🇧🇷merry christmas” (Merry Christmas, in Portuguese). This was the message typed by telecommunications engineer Neil Papworth in the world’s first official SMS (Short Message Service) message, exactly 30 years ago.
The information exchange feature, which sometimes made WhatsApp in Brazil back in the 2000s, was the first to take advantage of the telephone signal to send and receive text messages — this even before mobile communication worked via apps.
In an exclusive interview with Tilt🇧🇷 Papworth remembers the text of “Merry Christmas” was transmitted from his computer to the cell phone of his superior at the time, Richard jarvisat a holiday party, in a hotel lobby across newbury, home town of Vodafone, UK. The company was responsible for the first shipment using the technology, on December 3, 1992.
Despite the Christmas context and celebratory atmosphere, behind the SMS the situation was more tense than it seemed.
“I was surrounded by executives who wanted to sell cell phones with the feature, looking to see if the message had arrived in that hotel,” says papworth🇧🇷 “Only when one of them called the hotel and made a like [confirmando que o SMS havia funcionado] I was able to breathe peacefully again.”
Admittedly a card-carrying nerd, Papworth tells Tilt who received his first computer at age 10, which made him envision having a degree in computer science at a young age.
At the age of 21, he was already working at Vodafone, on GSM architecture projects (Global System for Mobile — evolution of mobile technology that allowed, for example, roaming International)common to all cell phones at the time.
Before working on SMS development, Papworth was one of those responsible for programming the IMEI, an individual security key used to block cell phones remotely in case of loss or theft (it works as if it were a device’s CPF).
“These were simpler times because everything was produced ‘in a waterfall’, and something was always reused in another project”, he comments.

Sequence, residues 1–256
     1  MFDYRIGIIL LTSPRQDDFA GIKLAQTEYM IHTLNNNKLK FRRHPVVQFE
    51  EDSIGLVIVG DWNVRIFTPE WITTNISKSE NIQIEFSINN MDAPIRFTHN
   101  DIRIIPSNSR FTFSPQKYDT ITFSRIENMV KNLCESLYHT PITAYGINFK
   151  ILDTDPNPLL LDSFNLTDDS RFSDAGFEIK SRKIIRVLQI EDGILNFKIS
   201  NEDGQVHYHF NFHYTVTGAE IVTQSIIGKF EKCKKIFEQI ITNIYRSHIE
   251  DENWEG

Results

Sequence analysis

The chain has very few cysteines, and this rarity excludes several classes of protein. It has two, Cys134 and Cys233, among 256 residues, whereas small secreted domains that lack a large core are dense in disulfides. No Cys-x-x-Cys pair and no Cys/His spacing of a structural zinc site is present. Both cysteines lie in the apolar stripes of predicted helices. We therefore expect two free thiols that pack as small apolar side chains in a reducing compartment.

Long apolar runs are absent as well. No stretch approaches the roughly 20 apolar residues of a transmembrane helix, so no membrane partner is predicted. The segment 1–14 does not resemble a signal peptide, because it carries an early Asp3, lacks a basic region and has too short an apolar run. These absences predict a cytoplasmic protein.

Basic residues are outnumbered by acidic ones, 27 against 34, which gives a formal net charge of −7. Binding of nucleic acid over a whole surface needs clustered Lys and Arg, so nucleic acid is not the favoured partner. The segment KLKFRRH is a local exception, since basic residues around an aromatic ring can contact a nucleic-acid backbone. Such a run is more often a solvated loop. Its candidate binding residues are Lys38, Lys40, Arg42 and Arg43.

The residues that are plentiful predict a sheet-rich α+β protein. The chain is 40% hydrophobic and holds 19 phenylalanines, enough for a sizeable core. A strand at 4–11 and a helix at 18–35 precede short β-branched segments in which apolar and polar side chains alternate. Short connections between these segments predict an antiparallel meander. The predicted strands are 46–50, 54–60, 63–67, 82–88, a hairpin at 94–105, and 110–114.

How did SMS come about?
From concept to first message, SMS took about a year and a team of thirty-six people — time he considers unusual for today’s times.
“For me, it was what I had to do. I was 21 years old, I liked coding and testing, and I often worked weekends because I had free pizza,” says Papworth, laughing.
The engineer admits that he did not expect that the standard — and its respective evolution, the MMS, which allows emojis, images and audio — would have the form and popularity that it has achieved.
“I remember that Vodafone’s initial idea was to create personal devices (pagers) for executives to receive messages — and that’s all, without answering them”, he highlights.
The use that people and companies started to give to the technology that Papworth saw being born was impressive: “people started to order food or be answered by SMS even before banks and delivery apps.”
According to Infobip, an SMS solutions company, in a survey of 250 people in Brazil, around 57% of respondents said they had already sent SMS on other subjects, including ending relationships with partners. In personal emergencies, 44% have used the message method to ask for help.
Evolution of SMS
- It allowed messages of up to 160 characters (over time it evolved and today it allows sending images, videos, audios and emojis)
- Initially it was expensive, but over time it gained popularity and became the center of promotions. In Brazil, operators even offer unlimited SMS depending on the contracted package.
- Nowadays, it is heavily used as a security tool in two-factor authentication processes of applications. In this process, access codes are sent to the phone number so that the user can confirm that he is himself.
Future of SMS
With the growth of messaging service applications (such as WhatsApp, Telegram and others), SMS ended up losing space in some countries — Brazil is one of them.
Currently, around here, the resource is used more to receive automatic messages and security codes. Despite this, the author of the first SMS believes that we are still far from having an end.
“Some people still prefer to send SMS, others have adapted to Facebook Messenger, or Instagram. But SMS is still part of those features that we grow and get used to, just like email”, he concludes.
It is estimated that SMS will generate more than US$ 50 billion in 2023 worldwide in the advertising blast sector, according to Juniper Research.